At least, thats how it worked in IE6…

After about 20 minutes of toying around, I realized IE7 adds a step to this process – it no longer automagically changes from an IE window to a file explorer window (think “My Computer”) when using FTP. Crap!

So if you do need to use FTP with IE7, these steps will get you back on track:

  • Open IE7
  • Enter your FTP user name, password, and site in the address bar using the following pattern:
    ftp://:@
  • IE will display a directory listing of the FTP site.
  • Click the Page menu (it’s on the right hand side under the search bar)
  • Select Open FTP Site in Windows Explorer.
  • Windows explorer opens.
    Note: Windows may or may not remember the login information provided in step 2 – my testing was not consistent. Enter your user name and password if you are prompted with the login box again.

I’d really like to punch the Microsoft developer that came up with this “security feature”.

Windows Vista: Not worth the wait 1

Over the past 2 weeks or so since the official long awaited (read: massively delayed) launch of Microsoft’s new flagship OS, Windows Vista, I’ve noticed an influx of questions at work regarding the “should I upgrade” question.

To save time & effort here is the short answer: don’t do it.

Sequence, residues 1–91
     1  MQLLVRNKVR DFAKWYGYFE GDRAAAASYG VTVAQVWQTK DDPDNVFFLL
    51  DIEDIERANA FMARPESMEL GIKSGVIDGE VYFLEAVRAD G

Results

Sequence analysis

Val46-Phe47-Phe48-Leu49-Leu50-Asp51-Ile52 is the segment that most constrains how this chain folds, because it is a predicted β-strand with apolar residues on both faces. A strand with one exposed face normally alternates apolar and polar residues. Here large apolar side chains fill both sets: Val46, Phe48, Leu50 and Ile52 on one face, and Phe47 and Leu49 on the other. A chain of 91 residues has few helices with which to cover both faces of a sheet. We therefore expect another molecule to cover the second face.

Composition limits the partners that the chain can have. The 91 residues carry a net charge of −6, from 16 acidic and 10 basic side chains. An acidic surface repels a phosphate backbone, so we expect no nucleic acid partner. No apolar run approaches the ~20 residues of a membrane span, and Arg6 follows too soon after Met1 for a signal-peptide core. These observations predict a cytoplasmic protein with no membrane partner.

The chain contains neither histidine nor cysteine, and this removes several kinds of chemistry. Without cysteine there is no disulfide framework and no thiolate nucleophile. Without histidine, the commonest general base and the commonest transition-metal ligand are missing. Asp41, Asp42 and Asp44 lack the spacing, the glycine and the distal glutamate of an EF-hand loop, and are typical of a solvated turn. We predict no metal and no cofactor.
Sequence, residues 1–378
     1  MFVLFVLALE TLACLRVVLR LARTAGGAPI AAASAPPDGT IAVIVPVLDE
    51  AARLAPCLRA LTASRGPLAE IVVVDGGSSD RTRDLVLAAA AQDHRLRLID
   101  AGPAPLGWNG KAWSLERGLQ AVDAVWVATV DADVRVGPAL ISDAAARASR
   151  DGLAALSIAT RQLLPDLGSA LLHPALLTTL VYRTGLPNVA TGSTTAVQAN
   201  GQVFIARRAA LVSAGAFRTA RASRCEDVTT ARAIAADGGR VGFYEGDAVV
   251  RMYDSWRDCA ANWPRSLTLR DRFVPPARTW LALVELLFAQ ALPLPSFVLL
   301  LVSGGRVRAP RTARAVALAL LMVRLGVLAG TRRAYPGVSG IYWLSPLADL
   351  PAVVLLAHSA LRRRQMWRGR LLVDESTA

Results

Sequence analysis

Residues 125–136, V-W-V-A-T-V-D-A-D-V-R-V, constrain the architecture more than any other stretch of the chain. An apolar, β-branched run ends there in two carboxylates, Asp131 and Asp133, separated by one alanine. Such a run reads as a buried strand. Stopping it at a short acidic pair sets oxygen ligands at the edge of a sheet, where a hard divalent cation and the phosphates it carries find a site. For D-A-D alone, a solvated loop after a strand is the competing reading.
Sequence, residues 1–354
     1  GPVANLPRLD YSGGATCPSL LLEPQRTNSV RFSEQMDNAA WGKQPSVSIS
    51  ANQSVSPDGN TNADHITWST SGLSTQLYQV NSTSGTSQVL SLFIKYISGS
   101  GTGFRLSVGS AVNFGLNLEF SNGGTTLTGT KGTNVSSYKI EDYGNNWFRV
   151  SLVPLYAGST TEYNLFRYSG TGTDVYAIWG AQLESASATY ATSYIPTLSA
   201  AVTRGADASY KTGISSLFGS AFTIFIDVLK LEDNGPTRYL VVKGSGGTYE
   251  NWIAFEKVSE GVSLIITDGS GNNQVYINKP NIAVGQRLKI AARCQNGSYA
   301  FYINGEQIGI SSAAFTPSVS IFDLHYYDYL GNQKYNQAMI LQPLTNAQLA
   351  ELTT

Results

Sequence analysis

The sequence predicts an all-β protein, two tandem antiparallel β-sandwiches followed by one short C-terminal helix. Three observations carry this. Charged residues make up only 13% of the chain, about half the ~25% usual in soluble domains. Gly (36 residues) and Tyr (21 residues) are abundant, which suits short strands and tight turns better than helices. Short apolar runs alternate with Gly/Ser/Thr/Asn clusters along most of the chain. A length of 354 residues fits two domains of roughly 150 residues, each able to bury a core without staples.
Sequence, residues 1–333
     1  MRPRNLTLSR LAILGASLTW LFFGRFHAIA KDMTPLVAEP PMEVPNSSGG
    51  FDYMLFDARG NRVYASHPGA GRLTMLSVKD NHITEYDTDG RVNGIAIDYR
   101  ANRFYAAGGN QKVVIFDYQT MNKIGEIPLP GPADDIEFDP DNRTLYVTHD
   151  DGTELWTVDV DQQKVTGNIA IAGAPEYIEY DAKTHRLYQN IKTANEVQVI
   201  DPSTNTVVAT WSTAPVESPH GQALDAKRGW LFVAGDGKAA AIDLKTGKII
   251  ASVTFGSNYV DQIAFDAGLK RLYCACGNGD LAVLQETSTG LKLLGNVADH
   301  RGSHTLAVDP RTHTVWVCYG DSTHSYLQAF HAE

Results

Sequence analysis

The only “wow” that “starts now” (their new slogan, the wow starts now is horrible by the way) is the amount of resources this beast takes do do the same thing XP does perfectly well; and if you don’t have a beefy video card you’re screwed. Vista delivers no really revolutionary new features as an incentive for upgrade. And to top it off, the software asks you CONSTANTLY “are you sure you want to do that”.

The bottom line is that I’ve had several friends try Vista, and they all went back to Windows XP after an hour or 2. Don’t waste your time or money yet.

Apple picked up on Vista’s “new & improved” security features in this ad. Love it!

Reloading my machine: A Windows XP Drama

I had to reload my machine this past weekend. I was very proud of the fact that it was going on 2.5 years and Windows XP SP2 was still as solid as a rock. You can imagine my disappointment Sunday morning when I discovered my machine hopelessly infected with some kind of combination popupware/virus. Being the IT dork that I am I spent a good hour trying to clean it up, but the damage was done & all I could do was admit it would be safer just to reload.